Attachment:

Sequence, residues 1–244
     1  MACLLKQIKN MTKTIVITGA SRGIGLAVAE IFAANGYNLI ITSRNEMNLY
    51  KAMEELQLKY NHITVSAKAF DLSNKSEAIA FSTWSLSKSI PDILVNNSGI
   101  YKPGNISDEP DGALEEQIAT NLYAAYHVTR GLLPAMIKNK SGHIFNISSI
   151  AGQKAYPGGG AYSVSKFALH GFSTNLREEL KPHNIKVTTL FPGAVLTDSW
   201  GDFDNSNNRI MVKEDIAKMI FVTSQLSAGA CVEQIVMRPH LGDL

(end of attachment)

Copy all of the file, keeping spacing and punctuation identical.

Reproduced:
Sequence, residues 1–244
     1  MACLLKQIKN MTKTIVITGA SRGIGLAVAE IFAANGYNLI ITSRNEMNLY
    51  KAMEELQLKY NHITVSAKAF DLSNKSEAIA FSTWSLSKSI PDILVNNSGI
   101  YKPGNISDEP DGALEEQIAT NLYAAYHVTR GLLPAMIKNK SGHIFNISSI
   151  AGQKAYPGGG AYSVSKFALH GFSTNLREEL KPHNIKVTTL FPGAVLTDSW
   201  GDFDNSNNRI MVKEDIAKMI FVTSQLSAGA CVEQIVMRPH LGDL